Tensions are building between the EU and its Asian partners, after Thailand agreed to Beijing’s demands to “repatriate” hundreds of Uighurs to China.
Hundreds, possibly thousands, of Uighurs keen to escape unrest in China’s western Xinjiang region, have traveled clandestinely, via Southeast Asia, to Turkey.
Last week’s deportation of 109 Uighurs from Thailand has sparked anger in Turkey, home to a large Uighur diaspora, and fed concern among rights groups and the United States that they could be mistreated upon their return.
China is home to about 20 million Muslims spread across its vast territory, only a portion of whom are Uighurs, who speak a Turkic language and are from Xinjiang.
“Thailand’s deportation of around 100 Uighurs, persons of Turkic origin, including women and children, to China is a breach of the principle of non-refoulement, which is a core tenet of international humanitarian law,” EU foreign affairs chief Federica Mogherini said on Friday (10 July).
According to Mogherini, Thailand has obligations under the Convention Against Torture and Other Cruel, Inhuman or Degrading Treatment or Punishment (CAT) and the International Covenant on Civil and Political Rights (ICCPR). The remaining people of Turkic origin in Thailand should be allowed to depart voluntarily to a country of their choice that is willing to receive them.
US State Department spokesman John Kirby said the deportees “could face harsh treatment and a lack of due process” in China.
“This action runs counter to Thailand’s international obligations as well as its long-standing practice of providing safe haven to vulnerable persons,” Kirby said in a statement. “We remain deeply concerned about the protection of all asylum seekers and vulnerable migrants in Thailand, and we strongly urge the Government of Thailand, and other governments in countries where Uighurs have taken refuge, not to carry out further forced deportations of ethnic Uighurs.”
Turkish protesters attacked the Thai honorary consulate in Istanbul on 8 July in protest over Bangkok’s expulsion of the Ugihurs, smashing windows and ransacking parts of the building.
China claims that some of the Uighurs deported to China last week from Thailand had planned to go to Syria and Iraq to carry out jihad.
In a Saturday report, Chinese state television said some of those deported had admitted to being incited by messages from the Eastern Turkestan Islamic Movement, which Beijing says is waging an insurgency for independence in Xinjiang, as well as the exiled group, the World Uyghur Congress.
“A fair number of them were stirred up and bewitched by terror videos issued by the East Turkestan Islamic Movement and World Uyghur Congress,” the report said.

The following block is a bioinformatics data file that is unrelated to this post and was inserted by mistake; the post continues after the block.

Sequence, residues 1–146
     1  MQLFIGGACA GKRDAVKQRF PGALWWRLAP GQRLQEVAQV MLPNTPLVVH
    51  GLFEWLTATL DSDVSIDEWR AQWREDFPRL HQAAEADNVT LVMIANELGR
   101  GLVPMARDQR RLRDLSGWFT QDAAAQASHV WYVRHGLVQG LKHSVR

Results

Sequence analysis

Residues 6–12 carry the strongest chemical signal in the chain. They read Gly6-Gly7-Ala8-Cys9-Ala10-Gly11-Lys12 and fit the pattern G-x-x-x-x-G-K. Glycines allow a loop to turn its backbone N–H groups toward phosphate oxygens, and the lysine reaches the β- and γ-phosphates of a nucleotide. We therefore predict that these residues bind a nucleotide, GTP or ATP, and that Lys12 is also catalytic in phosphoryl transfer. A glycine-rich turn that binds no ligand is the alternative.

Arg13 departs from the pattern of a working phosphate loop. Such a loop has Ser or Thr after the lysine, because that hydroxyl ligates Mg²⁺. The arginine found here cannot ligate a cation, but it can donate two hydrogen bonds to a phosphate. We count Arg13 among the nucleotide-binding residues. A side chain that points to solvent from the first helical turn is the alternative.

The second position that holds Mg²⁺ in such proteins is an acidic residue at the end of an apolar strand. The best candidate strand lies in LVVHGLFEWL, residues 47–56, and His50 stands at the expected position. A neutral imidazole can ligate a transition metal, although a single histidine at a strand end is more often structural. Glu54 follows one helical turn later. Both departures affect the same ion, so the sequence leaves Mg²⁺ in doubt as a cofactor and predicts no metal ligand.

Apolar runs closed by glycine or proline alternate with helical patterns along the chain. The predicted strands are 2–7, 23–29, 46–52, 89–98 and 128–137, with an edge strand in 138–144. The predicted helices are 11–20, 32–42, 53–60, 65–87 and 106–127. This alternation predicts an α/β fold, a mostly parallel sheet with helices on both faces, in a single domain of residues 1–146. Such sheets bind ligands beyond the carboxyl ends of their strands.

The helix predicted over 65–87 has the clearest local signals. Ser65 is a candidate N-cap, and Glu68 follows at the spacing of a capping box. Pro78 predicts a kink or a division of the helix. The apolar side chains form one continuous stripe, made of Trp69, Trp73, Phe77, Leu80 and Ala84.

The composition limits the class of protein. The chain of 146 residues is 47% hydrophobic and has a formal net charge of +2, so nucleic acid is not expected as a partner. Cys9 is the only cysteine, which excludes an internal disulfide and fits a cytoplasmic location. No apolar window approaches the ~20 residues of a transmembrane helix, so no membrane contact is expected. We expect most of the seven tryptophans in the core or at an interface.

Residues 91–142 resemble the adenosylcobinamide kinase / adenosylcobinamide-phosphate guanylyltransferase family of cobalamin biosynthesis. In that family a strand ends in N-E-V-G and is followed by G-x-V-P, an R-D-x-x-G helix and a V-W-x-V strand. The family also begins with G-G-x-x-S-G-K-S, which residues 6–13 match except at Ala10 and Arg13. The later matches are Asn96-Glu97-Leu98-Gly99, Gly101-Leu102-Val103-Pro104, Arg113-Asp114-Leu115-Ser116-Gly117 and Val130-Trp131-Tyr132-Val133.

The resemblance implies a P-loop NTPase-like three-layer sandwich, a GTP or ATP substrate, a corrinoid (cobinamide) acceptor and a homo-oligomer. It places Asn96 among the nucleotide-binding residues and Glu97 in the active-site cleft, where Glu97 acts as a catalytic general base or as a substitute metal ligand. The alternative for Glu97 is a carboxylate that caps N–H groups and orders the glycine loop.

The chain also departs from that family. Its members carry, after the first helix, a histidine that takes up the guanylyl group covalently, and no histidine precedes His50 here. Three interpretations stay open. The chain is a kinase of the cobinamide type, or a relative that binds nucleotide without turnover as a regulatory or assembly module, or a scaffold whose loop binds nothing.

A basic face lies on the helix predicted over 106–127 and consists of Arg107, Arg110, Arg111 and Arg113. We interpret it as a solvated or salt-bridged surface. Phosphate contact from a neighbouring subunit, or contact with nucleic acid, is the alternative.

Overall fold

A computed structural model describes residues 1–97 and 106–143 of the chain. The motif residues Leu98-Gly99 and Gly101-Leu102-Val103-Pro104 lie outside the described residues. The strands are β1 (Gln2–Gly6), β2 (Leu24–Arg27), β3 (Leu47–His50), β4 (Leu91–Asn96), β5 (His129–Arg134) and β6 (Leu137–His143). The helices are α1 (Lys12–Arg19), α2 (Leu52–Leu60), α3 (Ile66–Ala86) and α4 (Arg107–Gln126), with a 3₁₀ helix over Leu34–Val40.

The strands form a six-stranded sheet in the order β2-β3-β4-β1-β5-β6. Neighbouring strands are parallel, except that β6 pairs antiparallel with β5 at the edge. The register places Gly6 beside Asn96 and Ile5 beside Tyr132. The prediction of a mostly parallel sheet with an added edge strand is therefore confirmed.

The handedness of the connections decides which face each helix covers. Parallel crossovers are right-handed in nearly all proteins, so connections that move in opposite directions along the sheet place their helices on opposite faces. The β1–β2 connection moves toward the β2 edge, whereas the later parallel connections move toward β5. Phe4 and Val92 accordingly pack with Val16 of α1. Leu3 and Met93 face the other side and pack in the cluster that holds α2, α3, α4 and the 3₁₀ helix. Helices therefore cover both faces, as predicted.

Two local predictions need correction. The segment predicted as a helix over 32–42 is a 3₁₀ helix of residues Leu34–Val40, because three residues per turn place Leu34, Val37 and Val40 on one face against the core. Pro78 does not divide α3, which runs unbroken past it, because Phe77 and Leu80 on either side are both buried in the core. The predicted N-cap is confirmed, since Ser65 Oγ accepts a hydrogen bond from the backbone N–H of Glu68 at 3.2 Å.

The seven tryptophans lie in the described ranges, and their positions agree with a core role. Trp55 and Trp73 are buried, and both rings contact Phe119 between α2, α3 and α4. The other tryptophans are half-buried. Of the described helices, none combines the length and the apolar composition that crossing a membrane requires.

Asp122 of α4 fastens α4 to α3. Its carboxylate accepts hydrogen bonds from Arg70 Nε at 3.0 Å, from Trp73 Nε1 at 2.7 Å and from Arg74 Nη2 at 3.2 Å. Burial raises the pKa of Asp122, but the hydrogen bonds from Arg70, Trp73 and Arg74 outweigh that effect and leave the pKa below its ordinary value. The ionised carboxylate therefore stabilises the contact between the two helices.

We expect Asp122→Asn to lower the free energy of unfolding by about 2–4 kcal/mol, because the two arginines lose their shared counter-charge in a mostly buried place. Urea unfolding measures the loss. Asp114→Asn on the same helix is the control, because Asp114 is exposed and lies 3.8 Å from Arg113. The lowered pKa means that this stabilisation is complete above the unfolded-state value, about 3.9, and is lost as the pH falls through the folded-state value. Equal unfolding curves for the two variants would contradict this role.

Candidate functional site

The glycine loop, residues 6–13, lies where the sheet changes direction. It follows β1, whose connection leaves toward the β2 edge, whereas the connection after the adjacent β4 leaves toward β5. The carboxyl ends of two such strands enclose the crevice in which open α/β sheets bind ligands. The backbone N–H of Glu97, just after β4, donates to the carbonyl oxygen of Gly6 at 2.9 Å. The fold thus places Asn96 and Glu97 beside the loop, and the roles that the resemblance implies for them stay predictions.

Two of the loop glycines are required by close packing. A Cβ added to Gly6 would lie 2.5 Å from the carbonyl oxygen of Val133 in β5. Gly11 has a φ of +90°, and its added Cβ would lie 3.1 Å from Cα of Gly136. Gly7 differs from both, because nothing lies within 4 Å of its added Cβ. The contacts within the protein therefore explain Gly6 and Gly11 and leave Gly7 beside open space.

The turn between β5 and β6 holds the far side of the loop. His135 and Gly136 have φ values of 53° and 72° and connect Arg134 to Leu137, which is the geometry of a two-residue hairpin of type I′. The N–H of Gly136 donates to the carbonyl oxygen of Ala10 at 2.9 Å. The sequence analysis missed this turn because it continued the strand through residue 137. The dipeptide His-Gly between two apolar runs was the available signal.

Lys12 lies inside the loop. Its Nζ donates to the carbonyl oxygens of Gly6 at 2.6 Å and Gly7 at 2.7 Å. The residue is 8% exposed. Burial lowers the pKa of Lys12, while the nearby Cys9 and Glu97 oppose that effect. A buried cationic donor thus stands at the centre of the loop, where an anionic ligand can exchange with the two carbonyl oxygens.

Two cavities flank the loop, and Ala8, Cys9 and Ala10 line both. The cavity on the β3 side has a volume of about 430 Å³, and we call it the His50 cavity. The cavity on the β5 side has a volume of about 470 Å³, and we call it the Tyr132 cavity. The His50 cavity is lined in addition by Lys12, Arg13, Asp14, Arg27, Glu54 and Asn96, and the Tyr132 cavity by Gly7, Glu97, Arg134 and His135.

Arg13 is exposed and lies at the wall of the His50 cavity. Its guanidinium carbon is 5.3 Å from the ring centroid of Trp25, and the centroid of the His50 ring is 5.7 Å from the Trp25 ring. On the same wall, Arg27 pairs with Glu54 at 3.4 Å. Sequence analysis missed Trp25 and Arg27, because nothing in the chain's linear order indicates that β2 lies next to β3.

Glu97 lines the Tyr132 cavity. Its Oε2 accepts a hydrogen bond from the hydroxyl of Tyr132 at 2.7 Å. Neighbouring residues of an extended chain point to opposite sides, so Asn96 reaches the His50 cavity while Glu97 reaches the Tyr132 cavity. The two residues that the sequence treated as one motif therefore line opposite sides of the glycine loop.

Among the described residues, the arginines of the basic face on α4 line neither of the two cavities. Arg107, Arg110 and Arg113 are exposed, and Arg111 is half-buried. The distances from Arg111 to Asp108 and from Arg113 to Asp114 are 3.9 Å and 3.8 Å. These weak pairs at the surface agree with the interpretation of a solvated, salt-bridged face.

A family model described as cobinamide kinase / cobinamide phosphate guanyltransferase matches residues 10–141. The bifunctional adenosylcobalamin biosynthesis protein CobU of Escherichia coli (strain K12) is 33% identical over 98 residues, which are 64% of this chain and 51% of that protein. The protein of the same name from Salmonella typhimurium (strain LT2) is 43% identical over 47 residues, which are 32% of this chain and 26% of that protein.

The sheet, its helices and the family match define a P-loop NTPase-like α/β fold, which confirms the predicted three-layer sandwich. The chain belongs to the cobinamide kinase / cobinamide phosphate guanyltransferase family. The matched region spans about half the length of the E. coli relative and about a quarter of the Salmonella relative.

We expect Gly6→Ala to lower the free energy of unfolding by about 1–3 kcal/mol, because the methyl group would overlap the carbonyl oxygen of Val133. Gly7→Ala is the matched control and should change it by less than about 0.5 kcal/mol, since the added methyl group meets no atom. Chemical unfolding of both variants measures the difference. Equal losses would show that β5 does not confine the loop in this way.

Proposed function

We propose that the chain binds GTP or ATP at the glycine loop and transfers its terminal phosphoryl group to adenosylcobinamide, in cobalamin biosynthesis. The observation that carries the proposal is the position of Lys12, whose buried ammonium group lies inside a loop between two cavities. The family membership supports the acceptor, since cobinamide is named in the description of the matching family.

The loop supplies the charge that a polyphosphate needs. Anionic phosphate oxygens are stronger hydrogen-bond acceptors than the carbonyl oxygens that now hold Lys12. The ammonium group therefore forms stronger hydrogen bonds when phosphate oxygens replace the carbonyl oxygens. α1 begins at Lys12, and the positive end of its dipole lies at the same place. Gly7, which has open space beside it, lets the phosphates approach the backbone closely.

“While they were being trafficked, there were those who continued to impart and stress religious extremist thinking, instigating them to go to Syria and Iraq to take part in a so-called jihad”, it added.
A senior Chinese police officer said on Saturday that some of the Uighurs who reached Turkey were being sold to fight for groups, such as Islamic State, as “cannon fodder”.
At least 13 of those returned are suspected of terror offences, the report said.
It showed images of people with black hoods over their heads and large numbers pinned to their chests as they sat in a commercial aircraft surrounded by Chinese police in face masks. Upon landing, they were led out with their heads held down, and at least one apparently in chains.
Thailand’s Prime Minister Prayuth Chan-och defended his government’s decision to deport the Uighurs to China and raised the possibility of shutting the Thai Embassy in Turkey after protesters attacked the honorary consulate in Istanbul.
The Turkish Foreign Ministry condemned the expulsion of the Uighurs to China, saying it violated international humanitarian law. Turkish President Recep Tayyip Erdo?an said he planned to raise the plight of the Uighurs during his coming trip to China.
At the recent EU-China summit, Council President Donald Tusk voiced concerns on freedom of expression and association in China, including the situation of the persons belonging to minorities such as Tibetans and Uighurs.
The EU showed concern when General Prayuth Chan-och seized power in Thailand via a military coup in May 2014. Brussels and EU member states rightly suspended partnership and trade agreements with Bangkok until democratic norms and constitutional rule resume. During the past bleak year of junta rule, the generals have dispelled any notion of a ‘benevolent’ coup, announcing that five committees would be established to monitor the international and local media for reports deemed false or a threat to ‘national security.’ Earlier this year, General Prayuth agreed to lift martial law, only to replace it with Article 44 of a nascent constitution, which grants him unparalleled authority over government and law and order, making him a virtually omnipotent and unchecked ruler.
In addition to entrenching his own power, Prayuth has keenly abused the constitution to blunt any opposition against him. The very document meant to safeguard democracy has become a tool to silence the voice of the people, with the military having proposed a charter which would make the 200-seat Senate entirely unelected.